Changing robot capabilities by using self-folding origami “exoskeletons”
From butterflies that sprout wings to hermit crabs that switch their shells, many animals must adapt their exterior features in order to survive. While humans don’t undergo that kind of metamorphosis, we often try to create functional objects that are similarly adaptive — including our robots.
Despite what you might have seen in “Transformers” movies, though, today’s robots are still pretty inflexible. Each of their parts usually has a fixed structure and a single defined purpose, making it difficult for them to perform a wide variety of actions.
Researchers from MIT’s Computer Science and Artificial Intelligence Laboratory (CSAIL) are aiming to change that with a new shape-shifting robot that’s something of a superhero: It can transform itself with different “outfits” that allow it to perform different tasks. Continue reading “Changing robot capabilities by using self-folding origami “exoskeletons” (video)”
Expanding polymer enables self-folding without heating or immersion in water
As 3-D printing has become a mainstream technology, industry and academic researchers have been investigating printable structures that will fold themselves into useful three-dimensional shapes when heated or immersed in water.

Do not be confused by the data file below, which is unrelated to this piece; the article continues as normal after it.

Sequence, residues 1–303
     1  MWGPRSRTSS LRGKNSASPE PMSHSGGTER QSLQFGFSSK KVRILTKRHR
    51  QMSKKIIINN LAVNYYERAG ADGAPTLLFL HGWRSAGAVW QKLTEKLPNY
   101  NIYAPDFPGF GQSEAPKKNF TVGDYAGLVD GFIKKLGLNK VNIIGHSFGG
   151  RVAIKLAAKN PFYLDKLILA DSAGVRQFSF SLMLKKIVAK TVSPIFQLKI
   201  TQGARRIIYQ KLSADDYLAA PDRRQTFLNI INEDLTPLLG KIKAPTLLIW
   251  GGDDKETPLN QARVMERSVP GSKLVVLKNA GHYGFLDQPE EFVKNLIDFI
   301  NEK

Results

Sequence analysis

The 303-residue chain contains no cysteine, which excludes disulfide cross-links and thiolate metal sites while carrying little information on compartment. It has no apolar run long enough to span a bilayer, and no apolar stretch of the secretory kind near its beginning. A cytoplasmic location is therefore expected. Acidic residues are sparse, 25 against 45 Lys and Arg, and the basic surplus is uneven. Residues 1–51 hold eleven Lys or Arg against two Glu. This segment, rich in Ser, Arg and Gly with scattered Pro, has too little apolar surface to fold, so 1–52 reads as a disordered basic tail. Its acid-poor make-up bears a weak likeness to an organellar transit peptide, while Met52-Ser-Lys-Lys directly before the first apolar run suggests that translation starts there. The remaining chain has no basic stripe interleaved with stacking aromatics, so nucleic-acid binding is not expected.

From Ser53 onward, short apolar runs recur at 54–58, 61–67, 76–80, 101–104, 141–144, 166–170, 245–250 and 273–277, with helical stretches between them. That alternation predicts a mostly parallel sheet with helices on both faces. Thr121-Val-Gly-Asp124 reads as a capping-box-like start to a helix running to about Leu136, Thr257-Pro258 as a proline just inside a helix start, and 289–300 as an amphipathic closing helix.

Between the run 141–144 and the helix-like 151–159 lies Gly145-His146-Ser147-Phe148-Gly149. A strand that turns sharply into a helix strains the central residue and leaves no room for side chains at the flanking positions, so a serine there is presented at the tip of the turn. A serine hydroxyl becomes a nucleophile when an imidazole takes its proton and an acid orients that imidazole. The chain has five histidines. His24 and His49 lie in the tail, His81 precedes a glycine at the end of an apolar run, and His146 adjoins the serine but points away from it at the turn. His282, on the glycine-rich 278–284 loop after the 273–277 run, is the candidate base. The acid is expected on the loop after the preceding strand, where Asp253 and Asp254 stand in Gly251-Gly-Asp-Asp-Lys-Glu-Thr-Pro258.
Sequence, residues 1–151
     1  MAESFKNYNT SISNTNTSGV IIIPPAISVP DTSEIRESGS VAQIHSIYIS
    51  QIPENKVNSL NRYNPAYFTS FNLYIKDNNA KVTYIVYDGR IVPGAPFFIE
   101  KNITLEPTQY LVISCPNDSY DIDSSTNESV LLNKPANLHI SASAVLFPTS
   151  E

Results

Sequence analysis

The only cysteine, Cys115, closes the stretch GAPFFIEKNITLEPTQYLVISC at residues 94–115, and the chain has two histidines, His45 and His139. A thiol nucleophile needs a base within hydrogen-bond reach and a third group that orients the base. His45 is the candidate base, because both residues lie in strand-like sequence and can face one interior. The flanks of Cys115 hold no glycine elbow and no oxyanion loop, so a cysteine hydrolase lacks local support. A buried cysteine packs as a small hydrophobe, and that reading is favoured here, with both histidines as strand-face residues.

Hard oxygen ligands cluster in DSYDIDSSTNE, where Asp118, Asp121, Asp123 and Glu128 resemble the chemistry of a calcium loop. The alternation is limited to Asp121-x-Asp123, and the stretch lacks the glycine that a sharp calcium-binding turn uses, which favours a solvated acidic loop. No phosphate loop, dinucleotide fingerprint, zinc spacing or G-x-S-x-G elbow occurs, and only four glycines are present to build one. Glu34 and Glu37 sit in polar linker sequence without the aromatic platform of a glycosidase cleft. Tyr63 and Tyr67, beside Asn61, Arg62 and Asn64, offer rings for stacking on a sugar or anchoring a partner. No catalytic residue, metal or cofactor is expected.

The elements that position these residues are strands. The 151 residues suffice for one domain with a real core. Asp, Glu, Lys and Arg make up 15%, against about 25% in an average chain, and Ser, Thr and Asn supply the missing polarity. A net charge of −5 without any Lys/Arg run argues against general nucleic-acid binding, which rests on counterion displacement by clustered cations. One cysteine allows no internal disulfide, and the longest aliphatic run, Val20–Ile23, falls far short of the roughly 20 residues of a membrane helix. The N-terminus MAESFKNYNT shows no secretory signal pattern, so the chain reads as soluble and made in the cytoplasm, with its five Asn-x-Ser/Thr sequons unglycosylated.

In a paper appearing in the American Chemical Society’s journal Applied Materials and Interfaces, researchers from MIT’s Computer Science and Artificial Intelligence Laboratory (CSAIL) and colleagues report something new: a printable structure that begins to fold itself up as soon as it’s peeled off the printing platform.
One of the big advantages of devices that self-fold without any outside stimulus, the researchers say, is that they can involve a wider range of materials and more delicate structures. Continue reading “Expanding polymer enables self-folding without heating or immersion in water ( VIDEO)”
4D Printed Self Assembling Shoe, Presented by MIT Researchers. 4D printing takes 3D printing to an entirely different level, essentially enabling the product to assemble itself using materials that respond to a specific stimuli (say, temperature or moisture). Continue reading “4D Printed Self Assembling Shoe, Presented by MIT Researchers (Video)”
Spider silk has long been noted for its graceful structure, as well as its advanced material properties: Ounce for ounce, it is stronger than steel. MIT research has explained some of the material’s mysteries, which could help design synthetic resources that mimic the extraordinary properties of natural silk. Continue reading “MIT researched Spider silk using 3D Printing”